• Opening Night: LAMESA with Enrique Olvera: An event at the Million Dollar Theater downtown with chefs, architects and musicians from Mexico City and Los Angeles discussing the connections and unique relationship between these two great cities as they celebrate the 50 th anniversary of becoming sister cities.
  • CDMX Launch Party: The 2019 kickoff event for L.A. Times Food Bowl will feature an all-star lineup of chefs and guest tacqueros from Mexico City, as well as the announcements of the Gold Award and Restaurant of the Year at Grand Central Market following LAMESA.
  • L.A. Times Food Bowl Night Market, May 8-12: A Food Bowl favorite featuring a bustling outdoor celebration of L.A.’s diverse food scene with a series of special events curated by Peter Meehan, Times Food Editor, and The Times Food staff. Night Market will feature dozens of food vendors, pop-up experiences, special chef collaborations, musical performances, art installations and DJs in Grand Park. Night Market special events include Test Kitchen, Taco Tribute, Fried Chicken Party, Dumpling & Noodle Night, and an all-star BBQ festival featuring America’s best pitmasters from California, North Carolina, South Carolina and Texas.
  • Outstanding in the Field: A series of long-table feasts inspired by locally-sourced ingredients set in spectacular locations, including Manhattan Beach and Tehachapi.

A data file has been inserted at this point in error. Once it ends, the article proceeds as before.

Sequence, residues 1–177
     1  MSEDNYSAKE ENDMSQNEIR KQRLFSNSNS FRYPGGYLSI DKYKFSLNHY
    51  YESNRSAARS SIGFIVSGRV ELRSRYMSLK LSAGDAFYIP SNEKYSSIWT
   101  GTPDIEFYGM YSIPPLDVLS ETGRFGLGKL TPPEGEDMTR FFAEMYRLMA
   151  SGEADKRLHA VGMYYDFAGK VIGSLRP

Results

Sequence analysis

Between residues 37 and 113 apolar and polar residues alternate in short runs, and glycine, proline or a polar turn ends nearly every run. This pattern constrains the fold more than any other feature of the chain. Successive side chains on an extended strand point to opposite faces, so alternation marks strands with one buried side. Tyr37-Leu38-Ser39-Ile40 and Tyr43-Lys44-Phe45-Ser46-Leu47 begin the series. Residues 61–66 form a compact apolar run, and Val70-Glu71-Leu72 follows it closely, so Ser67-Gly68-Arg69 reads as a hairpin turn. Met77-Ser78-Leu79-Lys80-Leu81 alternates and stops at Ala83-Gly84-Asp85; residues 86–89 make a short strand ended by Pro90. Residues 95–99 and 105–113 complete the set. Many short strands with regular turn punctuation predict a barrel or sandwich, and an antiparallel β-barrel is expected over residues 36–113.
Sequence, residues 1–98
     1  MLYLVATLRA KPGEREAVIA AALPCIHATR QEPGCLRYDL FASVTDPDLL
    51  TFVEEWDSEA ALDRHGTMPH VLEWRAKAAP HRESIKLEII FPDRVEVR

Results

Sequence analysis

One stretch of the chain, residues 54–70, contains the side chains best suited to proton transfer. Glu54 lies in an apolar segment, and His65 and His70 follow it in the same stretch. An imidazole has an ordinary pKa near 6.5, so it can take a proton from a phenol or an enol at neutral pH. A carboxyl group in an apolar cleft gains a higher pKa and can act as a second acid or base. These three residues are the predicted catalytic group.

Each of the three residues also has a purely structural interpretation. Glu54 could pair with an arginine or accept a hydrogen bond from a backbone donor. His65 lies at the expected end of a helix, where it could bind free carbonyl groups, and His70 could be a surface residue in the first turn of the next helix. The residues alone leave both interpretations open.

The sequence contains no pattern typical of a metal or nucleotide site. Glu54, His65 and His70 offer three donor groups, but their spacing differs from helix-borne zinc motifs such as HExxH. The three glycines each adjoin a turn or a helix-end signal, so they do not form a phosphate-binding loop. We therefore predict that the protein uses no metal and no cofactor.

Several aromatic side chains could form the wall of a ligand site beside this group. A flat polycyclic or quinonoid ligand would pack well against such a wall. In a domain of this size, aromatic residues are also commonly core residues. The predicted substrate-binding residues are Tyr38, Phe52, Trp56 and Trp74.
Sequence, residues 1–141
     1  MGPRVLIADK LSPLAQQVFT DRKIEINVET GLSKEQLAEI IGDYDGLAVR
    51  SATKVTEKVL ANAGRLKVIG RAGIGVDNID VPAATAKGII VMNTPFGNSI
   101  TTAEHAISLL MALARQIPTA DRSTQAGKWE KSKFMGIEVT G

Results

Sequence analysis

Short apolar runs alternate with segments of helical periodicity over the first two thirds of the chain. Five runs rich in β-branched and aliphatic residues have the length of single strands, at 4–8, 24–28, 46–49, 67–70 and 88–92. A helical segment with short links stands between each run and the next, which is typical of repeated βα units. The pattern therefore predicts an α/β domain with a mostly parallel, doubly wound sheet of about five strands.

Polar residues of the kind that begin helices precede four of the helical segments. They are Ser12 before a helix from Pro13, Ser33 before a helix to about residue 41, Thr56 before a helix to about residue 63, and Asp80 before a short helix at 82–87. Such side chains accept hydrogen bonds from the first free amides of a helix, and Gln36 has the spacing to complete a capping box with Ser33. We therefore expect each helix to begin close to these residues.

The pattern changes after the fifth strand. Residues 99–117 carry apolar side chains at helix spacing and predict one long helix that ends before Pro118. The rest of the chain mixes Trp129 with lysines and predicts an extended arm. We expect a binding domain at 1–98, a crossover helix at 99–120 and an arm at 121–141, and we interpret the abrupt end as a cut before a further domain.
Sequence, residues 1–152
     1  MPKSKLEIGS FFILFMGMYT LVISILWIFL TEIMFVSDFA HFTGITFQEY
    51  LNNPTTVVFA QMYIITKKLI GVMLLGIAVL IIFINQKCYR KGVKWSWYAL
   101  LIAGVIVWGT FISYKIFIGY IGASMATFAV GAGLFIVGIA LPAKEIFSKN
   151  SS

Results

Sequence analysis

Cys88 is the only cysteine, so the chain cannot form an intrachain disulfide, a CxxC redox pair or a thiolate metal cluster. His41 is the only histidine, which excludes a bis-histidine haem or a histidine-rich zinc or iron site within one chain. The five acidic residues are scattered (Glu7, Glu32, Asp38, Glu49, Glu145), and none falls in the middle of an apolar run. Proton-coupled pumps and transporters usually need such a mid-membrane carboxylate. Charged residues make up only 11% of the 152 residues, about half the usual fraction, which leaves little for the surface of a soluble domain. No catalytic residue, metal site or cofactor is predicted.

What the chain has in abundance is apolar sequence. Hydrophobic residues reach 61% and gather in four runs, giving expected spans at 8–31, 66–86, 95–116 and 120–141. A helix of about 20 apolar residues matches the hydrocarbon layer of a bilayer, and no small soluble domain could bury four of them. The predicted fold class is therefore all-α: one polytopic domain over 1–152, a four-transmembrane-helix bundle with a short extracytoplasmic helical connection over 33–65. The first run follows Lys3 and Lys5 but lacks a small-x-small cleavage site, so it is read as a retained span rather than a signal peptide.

• Natural wine showcase featuring leading winemakers, sommeliers, chefs and special guest host Eric Wareheim.
  • A food and film festival featuring screenings and talks in various neighborhood restaurants around the city, bringing together food and cinema.
  • Collaborations to highlight pizza, burgers, Champagne and sparkling wine, science and food in space, and Korean cuisine and culture. There will also be a Vespertine X Food Bowl special event.
  • Things in a Bowl, a month long menu special served in a bowl. But here’s the twist: The dish must use the special ingredient of The Times’ choosing: artichoke.
  • Other event categories include Brunch & Lunch, Classes, Markets & Tours, Cocktails & Canapes, Exclusive Dinners & Dishes, Giveback, Kids in the Kitchen, Panels & Talks, Pop-Ups & Parties, and Test Kitchen, with event submissions now open until March 1.